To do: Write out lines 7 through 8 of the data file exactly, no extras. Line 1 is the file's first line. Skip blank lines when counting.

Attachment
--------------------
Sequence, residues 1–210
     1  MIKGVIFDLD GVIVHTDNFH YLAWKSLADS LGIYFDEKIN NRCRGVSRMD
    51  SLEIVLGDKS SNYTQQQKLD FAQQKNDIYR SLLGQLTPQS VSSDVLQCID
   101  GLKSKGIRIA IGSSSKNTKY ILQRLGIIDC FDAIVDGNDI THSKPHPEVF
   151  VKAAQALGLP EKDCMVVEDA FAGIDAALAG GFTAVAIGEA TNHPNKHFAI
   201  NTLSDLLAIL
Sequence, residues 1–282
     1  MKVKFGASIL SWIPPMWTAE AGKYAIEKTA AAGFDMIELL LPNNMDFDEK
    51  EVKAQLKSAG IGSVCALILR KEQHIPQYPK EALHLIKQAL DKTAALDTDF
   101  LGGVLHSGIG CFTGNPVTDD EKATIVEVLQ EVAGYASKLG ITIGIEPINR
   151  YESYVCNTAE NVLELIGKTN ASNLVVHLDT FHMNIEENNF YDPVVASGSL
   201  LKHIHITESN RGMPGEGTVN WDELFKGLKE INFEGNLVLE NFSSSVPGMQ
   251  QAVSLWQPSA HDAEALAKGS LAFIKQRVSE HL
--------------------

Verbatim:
Sequence, residues 1–282
     1  MKVKFGASIL SWIPPMWTAE AGKYAIEKTA AAGFDMIELL LPNNMDFDEK